Part Three: The Pelagian Crisis (411–430)
Edited By Frederick Van Fleteren
Article 284: Pelagian Requests for an Ecumenical Council
Pelagian Requests for an Ecumenical Council
The Pelagian bishops appealed for an ecumenical council. In effect they addressed Honorius and requested ecclesiastical judges to examine their case.1 They claimed their condemnation had taken them by surprise and they were punished without being informed of their guilt. Count Valerius opposed their requests. Augustine apparently learned of this appeal toward the middle of 418.2 The Pelagians had asked for an ecumenical council after they had been condemned by both Honorius and Zosimus.
Evidently Zosimus had indicated the request of the Pelagian bishops to Honorius in a letter of October 3, 418.3 He advised the priests and deacons he had sent to Ravenna to see the emperor to look for those whom the Apostolic See had anathematized. They should be careful not to allow them to trouble the Church by their audacity. “As for those united with them, after your return we shall see how they should be treated.” The remainder of the letter concerns Roman priests who had risen up against the pope.4 The dissident Romans had solicited the imperial court against him by a damaging letter. Apparently they had been received badly at the court. The pope sent a decree to his legates and declared these priests excommunicated. The legates reported this excommunication to them. According to Baronius, these priests were Pelagians.5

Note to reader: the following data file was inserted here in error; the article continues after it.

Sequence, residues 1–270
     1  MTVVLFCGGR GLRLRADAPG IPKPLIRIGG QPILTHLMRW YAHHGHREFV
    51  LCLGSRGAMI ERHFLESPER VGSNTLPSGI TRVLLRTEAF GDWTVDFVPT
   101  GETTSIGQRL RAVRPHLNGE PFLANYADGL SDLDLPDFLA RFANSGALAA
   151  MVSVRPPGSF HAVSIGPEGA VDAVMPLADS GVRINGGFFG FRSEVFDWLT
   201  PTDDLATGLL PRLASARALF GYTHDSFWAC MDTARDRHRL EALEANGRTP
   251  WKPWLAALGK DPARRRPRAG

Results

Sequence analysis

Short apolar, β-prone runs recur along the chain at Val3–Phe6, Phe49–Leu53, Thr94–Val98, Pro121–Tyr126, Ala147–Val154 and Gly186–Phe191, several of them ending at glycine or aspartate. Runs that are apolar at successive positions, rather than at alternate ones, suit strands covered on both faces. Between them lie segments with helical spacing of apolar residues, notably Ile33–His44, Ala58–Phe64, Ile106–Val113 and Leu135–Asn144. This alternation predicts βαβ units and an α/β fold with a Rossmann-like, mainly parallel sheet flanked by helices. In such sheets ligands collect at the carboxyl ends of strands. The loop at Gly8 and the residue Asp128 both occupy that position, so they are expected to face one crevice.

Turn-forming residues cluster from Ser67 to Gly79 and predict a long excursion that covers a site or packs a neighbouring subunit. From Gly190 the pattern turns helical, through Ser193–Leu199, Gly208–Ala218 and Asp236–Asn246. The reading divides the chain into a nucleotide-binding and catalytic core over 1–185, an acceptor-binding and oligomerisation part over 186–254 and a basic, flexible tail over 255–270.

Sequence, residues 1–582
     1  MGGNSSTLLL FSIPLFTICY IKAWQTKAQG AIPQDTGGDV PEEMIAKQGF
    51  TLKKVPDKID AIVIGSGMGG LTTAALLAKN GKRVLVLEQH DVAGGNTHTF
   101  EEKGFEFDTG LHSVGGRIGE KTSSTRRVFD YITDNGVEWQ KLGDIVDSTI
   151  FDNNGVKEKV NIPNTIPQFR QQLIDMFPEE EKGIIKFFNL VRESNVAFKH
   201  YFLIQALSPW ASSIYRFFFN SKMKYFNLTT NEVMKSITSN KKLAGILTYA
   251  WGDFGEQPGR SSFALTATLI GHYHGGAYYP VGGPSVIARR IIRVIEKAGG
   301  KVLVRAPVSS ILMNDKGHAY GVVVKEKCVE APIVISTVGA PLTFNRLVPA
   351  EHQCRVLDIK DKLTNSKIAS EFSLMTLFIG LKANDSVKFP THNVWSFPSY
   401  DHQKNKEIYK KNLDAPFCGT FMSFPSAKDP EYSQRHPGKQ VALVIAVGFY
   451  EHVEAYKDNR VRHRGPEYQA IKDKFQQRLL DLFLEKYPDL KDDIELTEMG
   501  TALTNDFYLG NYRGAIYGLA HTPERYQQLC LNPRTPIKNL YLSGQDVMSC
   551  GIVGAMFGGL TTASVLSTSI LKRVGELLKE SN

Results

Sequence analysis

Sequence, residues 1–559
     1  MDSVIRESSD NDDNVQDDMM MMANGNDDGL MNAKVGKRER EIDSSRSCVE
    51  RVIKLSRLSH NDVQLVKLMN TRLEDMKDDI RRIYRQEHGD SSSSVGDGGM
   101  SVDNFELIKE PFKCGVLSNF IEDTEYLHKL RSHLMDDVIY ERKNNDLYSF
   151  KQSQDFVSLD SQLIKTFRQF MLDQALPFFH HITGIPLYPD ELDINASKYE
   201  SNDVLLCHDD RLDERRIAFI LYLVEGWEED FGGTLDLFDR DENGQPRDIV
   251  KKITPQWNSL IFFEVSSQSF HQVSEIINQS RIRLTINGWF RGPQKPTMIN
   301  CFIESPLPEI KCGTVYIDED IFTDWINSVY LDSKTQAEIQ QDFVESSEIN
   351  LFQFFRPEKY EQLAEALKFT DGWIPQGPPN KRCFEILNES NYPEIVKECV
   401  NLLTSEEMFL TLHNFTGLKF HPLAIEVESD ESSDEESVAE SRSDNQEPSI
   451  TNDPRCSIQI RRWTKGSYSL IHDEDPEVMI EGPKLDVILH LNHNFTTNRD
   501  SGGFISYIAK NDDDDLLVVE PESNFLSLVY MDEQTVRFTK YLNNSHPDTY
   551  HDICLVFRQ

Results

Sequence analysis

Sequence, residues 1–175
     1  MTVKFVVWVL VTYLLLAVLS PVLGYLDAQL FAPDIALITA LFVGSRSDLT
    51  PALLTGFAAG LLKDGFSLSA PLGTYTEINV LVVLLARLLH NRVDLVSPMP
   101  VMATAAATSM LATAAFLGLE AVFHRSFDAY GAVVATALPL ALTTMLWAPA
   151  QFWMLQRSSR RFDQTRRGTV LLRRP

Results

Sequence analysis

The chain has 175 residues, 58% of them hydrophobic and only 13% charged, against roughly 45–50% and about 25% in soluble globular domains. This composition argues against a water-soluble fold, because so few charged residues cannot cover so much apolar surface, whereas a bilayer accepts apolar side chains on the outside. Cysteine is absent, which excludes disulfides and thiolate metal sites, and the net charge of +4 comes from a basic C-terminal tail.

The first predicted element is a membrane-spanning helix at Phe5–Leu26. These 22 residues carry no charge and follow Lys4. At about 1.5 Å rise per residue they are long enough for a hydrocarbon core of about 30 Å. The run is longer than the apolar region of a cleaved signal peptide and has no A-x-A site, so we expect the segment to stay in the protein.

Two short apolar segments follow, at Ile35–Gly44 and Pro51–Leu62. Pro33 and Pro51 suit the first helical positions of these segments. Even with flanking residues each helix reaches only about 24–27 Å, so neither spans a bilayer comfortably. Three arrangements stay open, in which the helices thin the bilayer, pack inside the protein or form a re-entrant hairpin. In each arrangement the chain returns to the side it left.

Valerius’ reputation and reasoning triumphed over Pelagian importunity.6 He prevented the emperor from assigning a time and place for...